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July 5, 2013

Islamism in Serious Trouble

Roy Meachum

On the eve of America’s great holiday, celebrating freedom and the dignity of man, Egypt’s military arrested duly-elected Muhammad el-Morsi. And thousands cheered!!!


Meanwhile, his neighboring Islamist, Turkey’s Prime Minister Recep Tayyip Erdogan, faces riots and demonstrations in Ankara and most other cities. Istanbul’s Taksim matches the fame of Cairo’s Tahrir Square. I find neither Mr. Erdogan nor Mr. Morsi to blame; they’re acting out of sincere convictions, tied to their souls.


The Egyptian president played like any other politician. Barely elected as the Nile nation’s chief executive, Muslim Brotherhood (Ikhwan Muslimi) chief Morsi offered concessions that were not snapped up; most of the opposition sat out the writing for the new constitution. That may be astonishing: as in any government the published document rules individual lives and official actions. The opposite applies to Turkey.


In 1923, out of the husks of the former Ottoman Empire, an army officer, Mustafa Kemal, formed the modern nation – so much so that he was hailed as Ataturk, the father of all Turks. He changed the language font from Arabic to Roman. Judging religion as the cancer in the imperial society, he founded a very secular state. As readers may remember, when I wrote back columns from Turkey several years ago, I compared the country to those in southern Europe; the residents were very busy working and satellite dishes popped out from most roofs.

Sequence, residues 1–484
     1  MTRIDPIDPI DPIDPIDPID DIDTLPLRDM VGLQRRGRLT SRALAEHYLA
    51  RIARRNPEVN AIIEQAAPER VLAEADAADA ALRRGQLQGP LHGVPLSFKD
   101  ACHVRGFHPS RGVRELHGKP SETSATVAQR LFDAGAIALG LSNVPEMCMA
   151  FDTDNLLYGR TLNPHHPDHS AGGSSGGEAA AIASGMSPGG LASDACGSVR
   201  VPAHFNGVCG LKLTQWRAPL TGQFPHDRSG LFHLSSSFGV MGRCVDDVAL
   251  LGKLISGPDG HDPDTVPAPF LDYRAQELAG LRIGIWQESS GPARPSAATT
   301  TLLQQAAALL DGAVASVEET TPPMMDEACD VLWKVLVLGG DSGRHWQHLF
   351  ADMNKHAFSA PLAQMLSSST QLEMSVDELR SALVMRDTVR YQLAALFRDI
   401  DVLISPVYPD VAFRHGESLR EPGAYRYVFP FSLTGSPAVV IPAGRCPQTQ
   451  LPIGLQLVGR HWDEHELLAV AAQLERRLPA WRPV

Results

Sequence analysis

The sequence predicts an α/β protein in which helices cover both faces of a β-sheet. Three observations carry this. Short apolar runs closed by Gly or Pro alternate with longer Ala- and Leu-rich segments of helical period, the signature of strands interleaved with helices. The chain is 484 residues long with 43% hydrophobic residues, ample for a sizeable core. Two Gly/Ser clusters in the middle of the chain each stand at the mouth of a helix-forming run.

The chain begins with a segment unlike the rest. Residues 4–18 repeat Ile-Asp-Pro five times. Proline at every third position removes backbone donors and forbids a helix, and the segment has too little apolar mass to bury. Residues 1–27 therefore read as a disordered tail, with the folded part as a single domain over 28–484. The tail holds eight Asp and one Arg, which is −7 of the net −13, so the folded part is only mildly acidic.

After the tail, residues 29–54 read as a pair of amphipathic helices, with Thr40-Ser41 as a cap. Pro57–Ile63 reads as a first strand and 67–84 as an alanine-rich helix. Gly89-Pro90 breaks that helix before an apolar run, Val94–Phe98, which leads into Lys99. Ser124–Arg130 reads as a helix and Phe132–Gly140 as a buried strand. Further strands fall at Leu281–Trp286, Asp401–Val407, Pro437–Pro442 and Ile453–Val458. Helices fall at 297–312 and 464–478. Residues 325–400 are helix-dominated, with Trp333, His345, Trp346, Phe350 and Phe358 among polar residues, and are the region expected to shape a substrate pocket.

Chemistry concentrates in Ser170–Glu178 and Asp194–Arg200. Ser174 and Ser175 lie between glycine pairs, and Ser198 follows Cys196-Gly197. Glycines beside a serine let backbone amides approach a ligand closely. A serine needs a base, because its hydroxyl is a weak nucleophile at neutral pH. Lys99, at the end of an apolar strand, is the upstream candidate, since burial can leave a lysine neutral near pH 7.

Cairo, when I lived there, was caught up in Insha’allah – God willing – and Ma’alesh – it doesn’t matter. Most people I knew didn’t go to mosque. City Egyptians pursued pleasures, leaving the people in the countryside to pray. Not surprisingly, the Brotherhood drew its support from the “stix,” as Variety put it. It was born in answer to the British occupation when a Turkish potentate sat on a Cairo throne. There were several countries with active Islamist organizations, including Turkey.


When I went to Egypt, there were very few women with head coverings – hijabs – and nobody wore the complete Islamist costume; two years later I noticed gloves on female hands, meaning men should not touch. Still, Cairo was the “hot spot” of the Middle East, since Beirut had slipped into bloody civil war that witnessed Americans kidnapped. Saudis were known as big-spenders and drunks, while protesting Wahhabism, a very strict form of Islamic Sunnism. Everybody had stories about oil-rich sheikhs.


Gen. M. Anwar Sadat was president whom Gen. Hosni Mubarak assassinated two years later, when I was back in Washington. Mr. Mubarak didn’t declare a coup when he took over from Mr. Sadat; it was not necessary. In moving the elected official aside, there is a particular avoidance of the coup label – especially in Washington.


The military dropped the civil authority like a hot potato. It named Supreme Court Chief Justice Adly Mansour as chief of government with no presidential elections scheduled.


Meanwhile, Turkish Prime Minister Recep Tayyip Erdogan continues to hold office, but the question is for how long? His Justice and Development Party seem fat and aggressive, but when decisions are made on religion, they are fickle, tending to send people into the streets.


Ya wallah!! O God!!


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